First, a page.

In 2015, Malaysian Prime Minister Najib Razak found himself in the middle of a controversy. It was alleged that Najib diverted money — close to $700 million — from the state-owned business development firm 1MDB into a personal account. Najib has denied any misconduct in relation to 1MDB, and Malaysia’s Attorney General cleared him of any wrongdoing over the transfers.
Despite the years of scandal, Najib’s party, the dominant one in Malaysian politics since the 1940s, is in position to win next year’s parliamentary elections.
How did that happen?
First, Malaysians don’t think about the 1MDB matter much anymore, having “priced it in” over time, says Ibrahim Suffain, director of the Kuala Lumpur-based Merdeka Center for Opinion Research. Second, in case some people are still unsure what to think, Najib’s government is proposing a 2018 budget that includes what analysts describe as handouts for regular folk.
Budget items include income tax cuts, scrapping of tolls collected on four major highways and certain sales tax exemptions. Expect also an increase in affordable housing. Boosts in infrastructure, such as roads in the farther-flung provinces, would further spark enthusiasm.
Those more populist elements of the budget put Najib’s party United Malays National Organisation (UMNO) in easy striking distance of an election win, analysts say.
A win next year would extend power for the man who has pushed Malaysia to become a higher-income country with more foreign investment — while earning a reputation for stiff crackdownsagainst anti-government protesters.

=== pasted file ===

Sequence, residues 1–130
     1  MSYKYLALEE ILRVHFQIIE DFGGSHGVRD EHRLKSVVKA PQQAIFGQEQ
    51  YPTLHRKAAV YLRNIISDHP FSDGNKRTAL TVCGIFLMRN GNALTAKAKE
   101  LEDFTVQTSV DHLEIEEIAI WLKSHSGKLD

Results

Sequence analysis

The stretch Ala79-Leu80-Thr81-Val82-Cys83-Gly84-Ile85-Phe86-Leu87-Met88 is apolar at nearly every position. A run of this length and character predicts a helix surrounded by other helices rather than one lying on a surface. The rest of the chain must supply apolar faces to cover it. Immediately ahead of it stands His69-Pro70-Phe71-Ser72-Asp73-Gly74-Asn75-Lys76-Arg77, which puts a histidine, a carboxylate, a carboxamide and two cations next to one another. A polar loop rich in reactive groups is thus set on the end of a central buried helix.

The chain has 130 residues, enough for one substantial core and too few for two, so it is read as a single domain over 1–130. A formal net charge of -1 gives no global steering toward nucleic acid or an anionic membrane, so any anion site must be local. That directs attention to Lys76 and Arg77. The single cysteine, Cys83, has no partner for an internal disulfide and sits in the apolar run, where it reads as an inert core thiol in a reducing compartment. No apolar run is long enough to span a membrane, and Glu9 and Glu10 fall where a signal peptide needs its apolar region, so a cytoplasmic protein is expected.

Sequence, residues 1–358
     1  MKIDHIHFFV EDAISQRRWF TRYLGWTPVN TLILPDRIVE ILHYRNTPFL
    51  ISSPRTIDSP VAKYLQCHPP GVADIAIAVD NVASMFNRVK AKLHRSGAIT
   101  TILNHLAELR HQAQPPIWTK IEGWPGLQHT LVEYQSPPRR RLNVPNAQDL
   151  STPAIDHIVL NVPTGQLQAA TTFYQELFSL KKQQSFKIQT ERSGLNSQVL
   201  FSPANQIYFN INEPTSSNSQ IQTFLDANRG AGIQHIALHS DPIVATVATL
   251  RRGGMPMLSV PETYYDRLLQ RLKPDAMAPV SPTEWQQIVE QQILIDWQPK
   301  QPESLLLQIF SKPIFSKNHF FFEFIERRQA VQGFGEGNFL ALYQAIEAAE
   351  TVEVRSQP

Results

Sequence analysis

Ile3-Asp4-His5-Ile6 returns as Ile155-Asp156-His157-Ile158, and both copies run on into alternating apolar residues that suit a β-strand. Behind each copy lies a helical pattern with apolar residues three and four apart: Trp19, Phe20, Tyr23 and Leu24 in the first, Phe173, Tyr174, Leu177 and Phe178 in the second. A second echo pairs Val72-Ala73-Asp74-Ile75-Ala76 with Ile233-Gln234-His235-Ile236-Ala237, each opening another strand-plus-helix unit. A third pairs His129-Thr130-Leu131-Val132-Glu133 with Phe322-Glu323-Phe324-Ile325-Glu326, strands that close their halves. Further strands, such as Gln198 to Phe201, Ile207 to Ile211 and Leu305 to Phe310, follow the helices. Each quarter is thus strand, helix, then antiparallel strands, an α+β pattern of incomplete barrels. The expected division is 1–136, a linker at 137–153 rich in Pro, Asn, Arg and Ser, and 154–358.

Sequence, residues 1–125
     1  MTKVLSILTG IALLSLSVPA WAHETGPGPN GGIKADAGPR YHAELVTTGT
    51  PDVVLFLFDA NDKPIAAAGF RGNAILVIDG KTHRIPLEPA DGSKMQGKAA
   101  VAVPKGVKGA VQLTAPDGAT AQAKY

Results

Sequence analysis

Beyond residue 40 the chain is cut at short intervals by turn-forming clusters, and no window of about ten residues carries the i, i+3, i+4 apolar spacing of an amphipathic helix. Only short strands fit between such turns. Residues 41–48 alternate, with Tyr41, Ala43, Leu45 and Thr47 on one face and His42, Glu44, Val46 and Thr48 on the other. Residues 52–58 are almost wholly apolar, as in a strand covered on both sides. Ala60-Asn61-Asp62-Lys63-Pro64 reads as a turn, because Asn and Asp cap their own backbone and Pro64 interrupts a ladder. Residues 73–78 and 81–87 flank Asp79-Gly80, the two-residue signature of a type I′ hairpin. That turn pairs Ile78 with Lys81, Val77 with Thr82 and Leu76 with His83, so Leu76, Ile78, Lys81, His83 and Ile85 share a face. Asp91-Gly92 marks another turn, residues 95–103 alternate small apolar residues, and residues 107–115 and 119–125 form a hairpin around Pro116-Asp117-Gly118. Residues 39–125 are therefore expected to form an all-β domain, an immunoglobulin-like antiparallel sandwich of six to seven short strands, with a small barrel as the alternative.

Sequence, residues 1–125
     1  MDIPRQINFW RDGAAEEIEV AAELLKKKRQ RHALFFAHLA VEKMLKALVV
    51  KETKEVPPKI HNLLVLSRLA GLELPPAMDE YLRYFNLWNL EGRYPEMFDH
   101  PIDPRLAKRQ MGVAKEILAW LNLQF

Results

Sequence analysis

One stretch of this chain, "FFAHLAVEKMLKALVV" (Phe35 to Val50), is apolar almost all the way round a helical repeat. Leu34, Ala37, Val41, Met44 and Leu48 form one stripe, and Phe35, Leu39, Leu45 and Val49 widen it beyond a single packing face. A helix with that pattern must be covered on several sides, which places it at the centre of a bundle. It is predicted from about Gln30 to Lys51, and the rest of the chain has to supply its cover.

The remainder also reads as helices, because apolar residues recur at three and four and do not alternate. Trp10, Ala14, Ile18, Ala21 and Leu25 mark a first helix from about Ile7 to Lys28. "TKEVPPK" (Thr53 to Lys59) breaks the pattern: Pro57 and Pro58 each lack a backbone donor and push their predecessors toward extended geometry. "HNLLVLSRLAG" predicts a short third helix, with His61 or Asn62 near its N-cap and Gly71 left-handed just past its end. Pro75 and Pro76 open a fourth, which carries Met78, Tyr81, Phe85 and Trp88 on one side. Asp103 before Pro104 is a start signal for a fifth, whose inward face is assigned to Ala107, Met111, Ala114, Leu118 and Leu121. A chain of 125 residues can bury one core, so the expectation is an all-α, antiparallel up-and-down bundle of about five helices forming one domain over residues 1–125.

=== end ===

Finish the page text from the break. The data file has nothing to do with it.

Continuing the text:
“Prime Minister Najib Razak’s self-declared ‘mother of all budgets’ has been loaded with vote-getting goodies,” Saleena Saleem and Amalina Anuar write in a November 28 paper for the S. Rajaratnam School of International Studies at Nanyang Technology University in Singapore. “As such, the budget represents the government’s last opportunity to demonstrate to the electorate how it intends to address the bread-and-butter issues that are topmost concerns for a sizable portion of the Malaysian population.”
Is the budget safe?
The proposed budget of $68.9 billion, a 7.1% increase over this year, would satisfy credit ratings agencies and be affordable as the International Monetary Fund among others forecast an economically strong 2018 partly plus recovery in commodities prices, the two scholars say.
Malaysia depends largely on exports of crude oil, natural gas and palm oil. Price recovery means economic stability for the Southeast Asian country as a whole.
Fight for control of the narrative
The budget will help shore up support for Najib’s party in Malaysian cities where it otherwise might lose votes to the opposition Pakatan Harapan alliance, analysts say. The opposition may also be split between the Islamist Party and remaining coalition, Suffain predicts. The split would give UMNO an advantage even without its budget.
“Previous by-election results in Sungai Besar and Kuala Kangar in peninsular Malaysia in June 2016 already demonstrate that the incumbent government is in control of the narrative,” Saleem says in an interview. “Voters have the tendency to forget past issues and instead focus on the tangible benefits that they get to experience in the present.”
The opposition is proposing a budget that gets at good-governance issues as well as offering direct benefits such as abolition of a goods-and-services tax plus a reinstatement of fuel subsidies. But Najib’s party has made its budget case clearer than the opposition has to Malaysia’s 31 million people, some of whom may know relatively little about the opposition’s alternative, Suffain says.
“It is more challenging for the opposition,” says Song Seng Wun, an economist in the private banking unit of CIMB in Singapore. “It’s a question of how much inroad they can make if the incumbent is concentrating on the urban votes.”